VNO Sav Blanc Marlborough 2011  $23.00
A very approachable 2011 Sauvignon.  Not at all the wildly acidic melt-your-fillings aggressive style, but with soft acidity and clean gooseberry, apple and passion fruit flavours.

VNO Pinot Gris Hawkes Bay 2011  $23.00
Full and fruity off-dry style with clean rounded flavours of lemon squash and green pineapple and an ever so slightly crisp finish.

VNO Marlborough Pinot Noir 2010  $23.00
A lighter style Pinot with sweet ripe dark fruit flavours, soft silky tannins and a hint of savoury bacon and spice.  

VNO Barossa Shiraz 2012  $23.00
A good reliable Aus Shiraz that hits all the buttons without being overpowering.  Medium tannins and ripe black berry flavours with spicy oak.



Phil Parker is a wine writer and operates Fine Wine Tours in Auckland.

Friday, September 7, 2012

Top 20 things to do in Auckland City New Zealand



The Fine Food & Wine Tours Auckland  TOP 20

 Auckland is a large, vibrant and diverse city with 1.2 million inhabitants (about the same population as Seattle or Brisbane).  It is New Zealand's largest City with almost a third of our total population.  Culturally diverse, Auckland has an Asian population of around 10% with Indian, Polynesian, Maori and European in the mix.  





Over the years, I have passed on a list of 'don't miss' things to do in Auckland to my wine tour clients.

So here we go ...

1.  AUCKLAND ‘VIADUCT BASIN’ and WYNYARD QUARTER – stunning harbour views, cafes, bars, 5-Star restaurants, sailing activities.

 2.  VOYAGER NZ MARITIME MUSEUM – historic NZ Maritime displays – Polynesian migration, early European immigration by ship. Highly recommended.

3.  SAIL NZ – Americas Cup yacht sailing and DOLPHIN EXPLORER Auckland Harbour & Gulf.  Match sailing on the harbour or head out to watch dolphins in the Gulf.


4.  AUCKLAND WAR MEMORIAL MUSEUM  The museum has a stock collection of natural history, war memorabilia and anthropology exhibits, plus feature exhibits which change frequently.  Plus  MAORI CULTURAL GROUP ‘MANAIA’
11.00 am /12 Noon/ 1.30 (and 2.30 Jan-April)  $35 per head. Auckland War Memorial Museum – unique and colourful display of Maori culture, song and dancing 30 mins duration.  Option of viewing Maori artifact collection of museum displays of Polynesian art, plus much more.  
 
5. SHOPPING:
Our City's Main Street, Queen Street is sadly, very uninspiring: mainly -  banks, souvenir shops and fast food.
However there are nearby shopping precincts worth a visit for Auckland’s best high end – clothes, restaurants, cafes, design stores, galleries:
HIGH STREET, City ( funky: Karen Walker, Zambesi, Workshop and  World ),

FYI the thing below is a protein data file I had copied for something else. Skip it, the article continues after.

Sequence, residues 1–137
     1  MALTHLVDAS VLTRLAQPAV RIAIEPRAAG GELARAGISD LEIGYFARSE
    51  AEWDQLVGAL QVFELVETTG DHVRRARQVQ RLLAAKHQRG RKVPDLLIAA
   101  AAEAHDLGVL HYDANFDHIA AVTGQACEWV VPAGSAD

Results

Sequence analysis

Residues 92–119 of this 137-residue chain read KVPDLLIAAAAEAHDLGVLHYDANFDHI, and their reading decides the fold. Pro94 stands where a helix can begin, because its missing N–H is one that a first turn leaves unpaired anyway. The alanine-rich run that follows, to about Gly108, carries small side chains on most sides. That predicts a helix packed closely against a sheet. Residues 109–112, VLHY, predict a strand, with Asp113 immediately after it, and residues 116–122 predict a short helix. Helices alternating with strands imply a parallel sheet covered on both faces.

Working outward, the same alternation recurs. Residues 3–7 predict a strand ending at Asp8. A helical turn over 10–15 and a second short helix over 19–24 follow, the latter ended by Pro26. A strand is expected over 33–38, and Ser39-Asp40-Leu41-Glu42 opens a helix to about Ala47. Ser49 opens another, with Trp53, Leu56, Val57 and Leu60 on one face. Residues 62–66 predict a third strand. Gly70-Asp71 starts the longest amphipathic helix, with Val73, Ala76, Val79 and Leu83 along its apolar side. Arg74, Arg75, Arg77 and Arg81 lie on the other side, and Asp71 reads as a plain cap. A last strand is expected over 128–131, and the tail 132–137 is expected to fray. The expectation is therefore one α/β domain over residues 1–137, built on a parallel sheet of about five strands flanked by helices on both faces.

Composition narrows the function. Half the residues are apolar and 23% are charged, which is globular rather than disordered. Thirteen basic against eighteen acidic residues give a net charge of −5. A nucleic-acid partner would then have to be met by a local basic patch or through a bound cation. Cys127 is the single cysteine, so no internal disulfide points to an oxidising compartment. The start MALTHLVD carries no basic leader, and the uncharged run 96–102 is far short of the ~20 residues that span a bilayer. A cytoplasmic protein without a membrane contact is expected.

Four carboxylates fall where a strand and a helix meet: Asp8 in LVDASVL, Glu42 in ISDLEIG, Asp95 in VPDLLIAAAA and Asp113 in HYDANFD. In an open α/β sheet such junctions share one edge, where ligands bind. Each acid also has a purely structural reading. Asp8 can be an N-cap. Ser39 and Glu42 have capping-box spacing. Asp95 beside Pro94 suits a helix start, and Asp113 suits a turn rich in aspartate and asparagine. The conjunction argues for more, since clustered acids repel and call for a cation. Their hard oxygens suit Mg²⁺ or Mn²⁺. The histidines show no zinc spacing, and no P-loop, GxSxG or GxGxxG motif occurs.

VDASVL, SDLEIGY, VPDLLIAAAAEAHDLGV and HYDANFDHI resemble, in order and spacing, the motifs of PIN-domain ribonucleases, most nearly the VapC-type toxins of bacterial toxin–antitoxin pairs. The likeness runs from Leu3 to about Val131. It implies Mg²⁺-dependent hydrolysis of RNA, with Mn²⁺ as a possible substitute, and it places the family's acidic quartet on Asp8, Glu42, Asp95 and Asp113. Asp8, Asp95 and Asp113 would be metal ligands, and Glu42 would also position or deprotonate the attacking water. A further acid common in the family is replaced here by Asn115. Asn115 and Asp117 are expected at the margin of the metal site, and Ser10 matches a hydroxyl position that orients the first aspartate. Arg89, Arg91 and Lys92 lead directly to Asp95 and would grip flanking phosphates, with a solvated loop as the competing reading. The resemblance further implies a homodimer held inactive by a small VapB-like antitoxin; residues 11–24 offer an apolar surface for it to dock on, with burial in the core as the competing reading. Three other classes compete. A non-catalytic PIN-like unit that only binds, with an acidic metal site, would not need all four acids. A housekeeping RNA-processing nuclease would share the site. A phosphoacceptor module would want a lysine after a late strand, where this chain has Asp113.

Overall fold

CHANCERY LANE, City (upmarket)
PARNELL ROAD about 5 minute taxi ride from City (upmarket), NEWMARKET (middle-to upmarket),  about 5 minute taxi ride from City; PONSONBY ROAD about 5 minute taxi ride from  City (funky),  
REMUERA ROAD about 10 minute taxi ride from City (conservative/upmarket) 
DEPARTMENT STORE – SMITH & CAUGHEY 253-261 Queen Street, the City’s only remaining department store.  Good quality goods, plus cosmetics, perfume, clothes etc.
SUPERMARKETS  New World Metro 125 Queen St.   Countdown  (76 Quay St. bottom of Queen street turn right – about 4 blocks), then New World Victoria Park, 2 College Hill Freeman’s Bay. 

6.  AUCKLAND FISH MARKET 22 Jellicoe St Freemans Bay. Restaurants, Deli, NZ's largest seafood market, incorporating, restaurants, cafes, fresh fish, Deli goods, Seafood Cooking School, Sushi, Fish& Chips. 
And  - BIG PICTURE Wine Centre 'flyover' local wine movie plus
interactive tastings and ‘wine aroma room’
7.  PARNELL ROSE GARDENS – about 5 minute taxi ride from City (November – February).  Display of thousands of roses – open free to the public    

8.  SKY TOWER – panoramic views of City and Twin Harbours from our Auckland landmark. Good souvenirs.  Revolving restaurant (and yes, the food and service are great). Also – WETA Workshop – collectibles & models from Lord of The Rings, Avatar etc.

9.  AUCKLAND ART GALLERY Wellesley/Kitchener Sts.  Stock collection of NZ art, special exhibitions  Over the road - NEW GALLERY  Wellesley/Lorne Streets    contemporary (and largely unintelligible) ‘Art’.
10. AUCKLAND ZOO – LIVE Kiwi bird exhibit, huge native bird aviary, native parrots, meercats, otters etc. Modern style zoo with moats and walls to provide ample viewing without bars and cages. $20 per person
11. KELLY TARLTON’s UNDERWATER WORLD – Aquarium display of sea life, viewed from a travellator through a Perspex tunnel – sharks, octopus, fish, sting rays, plus display Antarctic including live Emperor penguins in sub-zero South Pole conditions. About $37 per person.

12. ELLIOTT STABLES FOOD QUARTER - ETHNIC BISTROS Just off Wellesley street -  turn left into Elliott St. Reasonably priced - a great spot for lunch.  Pick a table, then find your restaurant of choice.  Spanish, Mexican, Italian, French, also Artisan Wine shop.

13. THE SWEETEST LITTLE CHOCOLATE SHOP  
239-249 Queen St.  NZ-made chocolates, Organic ice creams and gelato.

14. WOOLLY FOR YOU – 237 Parnell Road – More upmarket $$$, NZ-made wool, knitting yarns, mohair, possum and angora knitted products. They also ship overseas, tax-free.

15. DEVONPORT – North Shore Historic Victorian quaint seaside village – cafes, galleries art shops, etc.  

16. SOUVENIRS - good quality, authentic NZ-made souvenirs – Sky Tower gift shop (excellent);  Auckland Museum gift shop (very good but pricey).    REAL Aotearoa 62 Queen St

17. HARLEY DAVIDSON AUCKLAND - souvenir tee shirts etc., 234 Khyber Pass Road  (300 7500)

18. CUBAN CIGARS – Havana House Shop 3, 11-19 Customs Street West (357 0037)

19. ICE HOUSE – VODKA BAR, Prince’s Wharf near entrance to Hilton Hotel.  The bar and the glasses are made of ice.  Patrons have to wear arctic weather gear and have a limited time in the sub-zero temperatures.

20. AUCKLAND'S WINE REGIONS - KUMEU (20 min from CBD) WAIHEKE ISLAND (45 min ferry ride from CBD), MATAKANA (50 min from CBD).
And who better to host you than Phil Parker's Fine Wine & Food Tours Auckland !